7 Myths About Suicide

The recent tragedies of Kate Spade's and Anthony Bourdain's suicides—and the ensuing media storm—raised awareness of suicide as a mental health issue, but also generated a lot of misinformation. This week, the Savvy Psychologist cleans up after the headlines.

Ellen Hendriksen, PhD
7-minute read
Episode #34

Myth #7: Suicidal Thoughts are Rare

Fact: Not so. In my office this week, many people who have sat in the chair across from me have said, “I totally get it. I’ve been there.” And it’s not just folks in treatment who get it.

Suicidal thoughts run on a spectrum. Fleeting thoughts--“How nice would it be to end it all,” or “I wish I could just disappear and be gone forever"--are fairly common. A single thought popping into your head generally isn’t a cause for alarm. (See also: I’m Thinking Crazy Thoughts!) If it happens frequently, however--particularly if you’re struggling through a hard time--your brain may be asking you to seek some help.

Moving up the spectrum of concern, passive suicidal thoughts are wishes to die without a deliberate attempt. These include hoping to get hit by a bus, or thinking, “If I went to sleep and didn’t wake up, that would be OK.” One step higher are active suicidal thoughts, like thinking about jumping in front of a bus, or actively thinking about committing suicide. The last, most worrisome level includes making a specific plan, like when, where, and how to kill yourself.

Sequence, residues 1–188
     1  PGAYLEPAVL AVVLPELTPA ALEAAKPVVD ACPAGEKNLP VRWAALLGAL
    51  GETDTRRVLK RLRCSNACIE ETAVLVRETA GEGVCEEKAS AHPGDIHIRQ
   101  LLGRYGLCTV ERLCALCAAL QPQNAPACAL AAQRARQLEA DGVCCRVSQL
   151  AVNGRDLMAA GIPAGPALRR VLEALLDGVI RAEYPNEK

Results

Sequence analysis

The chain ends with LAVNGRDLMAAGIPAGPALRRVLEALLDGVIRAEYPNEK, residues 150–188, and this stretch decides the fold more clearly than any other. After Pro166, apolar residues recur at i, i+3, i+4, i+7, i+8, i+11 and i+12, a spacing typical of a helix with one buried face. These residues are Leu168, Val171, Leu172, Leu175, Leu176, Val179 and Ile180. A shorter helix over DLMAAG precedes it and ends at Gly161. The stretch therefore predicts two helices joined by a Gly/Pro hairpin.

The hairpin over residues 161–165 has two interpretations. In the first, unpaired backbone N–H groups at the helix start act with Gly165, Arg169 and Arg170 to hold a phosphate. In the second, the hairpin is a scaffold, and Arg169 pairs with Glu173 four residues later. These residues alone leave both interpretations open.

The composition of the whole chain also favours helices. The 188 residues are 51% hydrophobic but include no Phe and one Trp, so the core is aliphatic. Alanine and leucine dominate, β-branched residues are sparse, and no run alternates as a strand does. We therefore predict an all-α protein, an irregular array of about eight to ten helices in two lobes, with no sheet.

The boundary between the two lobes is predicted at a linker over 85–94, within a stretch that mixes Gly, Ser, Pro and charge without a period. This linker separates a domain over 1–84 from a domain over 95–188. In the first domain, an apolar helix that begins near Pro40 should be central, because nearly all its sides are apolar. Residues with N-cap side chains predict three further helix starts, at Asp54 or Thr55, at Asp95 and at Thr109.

If someone confesses suicidal thoughts to you, however, don’t try to evaluate where they fall on the spectrum: it’s wiser and safer to always take them seriously.  

To wrap up, calls to crisis hotlines have surged since Kate Spade’s and Anthony Bourdain’s deaths. It demonstrates how many people are hurting, but also how many are feeling empowered, reaching out, and finding a listening ear. 

If you’re struggling, two hotlines are the National Suicide Prevention Lifeline at 800-273-TALK (8255), and the National Alliance on Mental Illness at 800-950-NAMI (6264.)

And if you’re moved to help, consider volunteering or donating. You’ll find a link to mental health charities with the greatest impact in the show notes at quickanddirtytips.com/savvy-psychologist..

Get more savvy by subscribing to the podcast on iTunes or Stitcher, or get the episode delivered straight to your inbox by signing up for the newsletter.  Plus, follow me on Facebook and Twitter.

Photos of figures on ledge and man under tree courtesy of Shutterstock.





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Kellermann, A.L. & Reay, D.T. (1986).  Protection or peril? An analysis of firearm-related deaths in the home. The New England Journal of Medicine, 314, 1557-60.

Pirkis, J., Spittal, M.J., Cox, G., Robinson, J., Cheung, Y.T.D. & Studdert, D.  (2013). The effectiveness of structural interventions at suicide hotspots: a meta-analysis.  International Journal of Epidemiology, 42, 541-8.

Seiden, R. H. (1978).  Where Are They Now? A Follow-up Study of Suicide Attempters from the Golden Gate Bridge. Suicide and Life-Threatening Behavior, 8, 203–216.

Stack, S. (2002).  Media coverage as a risk factor in suicide. Injury Prevention, 8 Suppl 4, IV30-2.


All content here is for informational purposes only. This content does not replace the professional judgment of your own mental health provider. Please consult a licensed mental health professional for all individual questions and issues.

About the Author

Ellen Hendriksen, PhD

Dr. Ellen Hendriksen was the host of the Savvy Psychologist podcast from 2014 to 2019. She is a clinical psychologist at Boston University's Center for Anxiety and Related Disorders (CARD). She earned her Ph.D. at UCLA and completed her training at Harvard Medical School. Her scientifically-based, zero-judgment approach is regularly featured in Psychology Today, Scientific American, The Huffington Post, and many other media outlets. Her debut book, HOW TO BE YOURSELF: Quiet Your Inner Critic and Rise Above Social Anxiety, was published in March 2018.